Wednesday, January 23, 2013


Interesting discussion at lunch about amending the U.S. Constitution.

My analogy divides people vertically. Horizontal division uses those awful words, left, right and middle.

I describe a house. You’ve got the folks in the basement and those on the roof, but most of the people are in the first or second floor.

In the basement are those who revere the constitution as a divinely inspired document, written once for all times. They abhor the idea of amending the constitution. They say that whatever is wrong in American government stems from the simple fact that the politicians don’t keep their oaths to support the constitution.

To them, there is no better way to do things than the design drafted in 1787.

Up on the roof are the cynics who insist that the constitution is archaic, outmoded and caput. Leader of the pack is Professor Louis Seidman of Georgetown Law Center, who recently opined in the New York Times that we really don’t have a written constitution.

All we have are traditions and practices.

In effect, he says that whatever government does is constitutional. The document in the National Archives is just a relic to him and the rest of the rooftoppers.

Upstairs on the second floor is a very large segment of the population, which includes most of the national media and the vast majority of academia. They hold that the constitution remains what it says it is: the supreme law of the land.

But they tend to agree with Charles Evans Hughes’ blunt assertion in 1907 that, “the constitution is what the Supreme Court says it is.” Most of those on the second floor would endorse Felix Frankfurter’s dictum, “The Supreme Court IS the constitution.”

These folks are quick to admit that there is much in the constitution which is outdated, and that much needs to be added, but they do not trust the people to speak to those issues.

They prefer amendment by interpretation. And interpretation of interpretation, until constitutional ‘doctrine’ has superseded the document itself.

On the ground floor of my analogy we find another large body of citizens. These are the traditionalists who insist that the constitution is indeed the supreme law of the land, just as George Washington intended when he insisted that the words of the constitution are binding and obligatory until changed “by the explicit and authentic act of the whole people.”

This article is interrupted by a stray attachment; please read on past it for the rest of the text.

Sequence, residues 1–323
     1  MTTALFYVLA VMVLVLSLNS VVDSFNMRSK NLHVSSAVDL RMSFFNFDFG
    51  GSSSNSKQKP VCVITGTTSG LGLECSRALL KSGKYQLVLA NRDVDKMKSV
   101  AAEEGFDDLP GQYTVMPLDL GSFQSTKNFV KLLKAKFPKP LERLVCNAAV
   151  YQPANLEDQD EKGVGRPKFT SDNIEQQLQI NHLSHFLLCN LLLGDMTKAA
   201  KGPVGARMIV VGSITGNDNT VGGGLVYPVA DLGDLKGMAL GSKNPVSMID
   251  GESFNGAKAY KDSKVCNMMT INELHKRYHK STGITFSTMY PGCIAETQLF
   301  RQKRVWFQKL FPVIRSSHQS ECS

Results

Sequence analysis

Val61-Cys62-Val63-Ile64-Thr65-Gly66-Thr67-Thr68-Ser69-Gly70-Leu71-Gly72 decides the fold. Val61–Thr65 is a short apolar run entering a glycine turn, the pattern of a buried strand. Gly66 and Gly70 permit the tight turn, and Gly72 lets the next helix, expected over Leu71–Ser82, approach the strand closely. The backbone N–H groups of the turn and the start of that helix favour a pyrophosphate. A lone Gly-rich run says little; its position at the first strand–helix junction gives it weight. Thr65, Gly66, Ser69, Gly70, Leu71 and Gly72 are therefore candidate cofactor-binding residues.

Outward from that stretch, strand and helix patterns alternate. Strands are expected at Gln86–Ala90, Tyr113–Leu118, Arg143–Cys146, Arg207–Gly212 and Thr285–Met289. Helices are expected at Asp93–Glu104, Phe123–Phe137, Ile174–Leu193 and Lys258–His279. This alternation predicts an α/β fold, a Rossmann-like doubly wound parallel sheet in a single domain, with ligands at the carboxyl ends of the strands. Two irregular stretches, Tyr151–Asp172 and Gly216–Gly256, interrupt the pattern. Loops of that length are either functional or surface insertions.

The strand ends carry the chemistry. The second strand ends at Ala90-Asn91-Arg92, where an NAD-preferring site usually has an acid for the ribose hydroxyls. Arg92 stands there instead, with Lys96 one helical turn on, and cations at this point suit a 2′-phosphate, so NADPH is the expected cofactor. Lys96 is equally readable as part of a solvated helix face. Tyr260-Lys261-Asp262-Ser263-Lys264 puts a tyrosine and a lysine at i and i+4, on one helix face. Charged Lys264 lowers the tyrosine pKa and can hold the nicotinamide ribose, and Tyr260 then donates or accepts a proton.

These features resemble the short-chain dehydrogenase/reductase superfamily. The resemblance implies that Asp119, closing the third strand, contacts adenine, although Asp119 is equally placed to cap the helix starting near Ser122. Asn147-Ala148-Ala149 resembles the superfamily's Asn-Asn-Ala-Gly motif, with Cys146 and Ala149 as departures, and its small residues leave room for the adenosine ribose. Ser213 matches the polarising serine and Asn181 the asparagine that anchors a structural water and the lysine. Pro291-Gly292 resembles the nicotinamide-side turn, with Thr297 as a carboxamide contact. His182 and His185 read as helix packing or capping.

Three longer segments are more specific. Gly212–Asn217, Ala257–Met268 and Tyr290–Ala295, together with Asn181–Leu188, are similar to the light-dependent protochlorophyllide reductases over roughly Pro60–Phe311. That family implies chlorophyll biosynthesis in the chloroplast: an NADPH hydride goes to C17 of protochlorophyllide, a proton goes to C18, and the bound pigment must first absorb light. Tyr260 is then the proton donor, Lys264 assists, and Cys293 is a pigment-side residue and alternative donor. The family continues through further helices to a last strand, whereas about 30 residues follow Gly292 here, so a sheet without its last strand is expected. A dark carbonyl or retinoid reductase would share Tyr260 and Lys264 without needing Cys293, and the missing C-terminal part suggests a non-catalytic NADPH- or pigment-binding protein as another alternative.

Most first floor folks insist that they respect and support the entire constitution. That includes Article V which provides the means of amending the original charter.

At all four levels, there is a lot of discontent with the way things are in Washington, and there are a number of kitchen table constitutional amendments floating around on the Internet, which purport to offer quick fixes to whatever ails the feds.

Unhappily, few if any of them have any stomach for cooperating with each other. Most proponents of constitutional amendment are leery of any proposal except their own.

As a result, there are many voices raised against the convening of an Article V amendatory convention.

Their concerns are best summarized by my friend Jim, who thinks the constitution should be amended, but the process shouldn’t be too easy.

I did a little research on what it takes. The thirteen smallest states, with less than four percent of the population can block the ratification of a constitutional amendment. Conversely, the 38 smallest states, with only 41 percent of the population can effectively ratify an amendment.

Of course, population is not always just a question of numbers. Density counts. No doubt the citizens of Delaware, Rhode Island and New Hampshire have more in common with New York and California than they do with Wyoming and Alaska.

Still, even when grouped by density, the thirteen least populated states comprise a mere six percent of the nation and the thirty-eight most sparsely inhabited states together represent about fifty-five percent of the nation.

Bottom line: amendment isn’t easy. It requires a national consensus.

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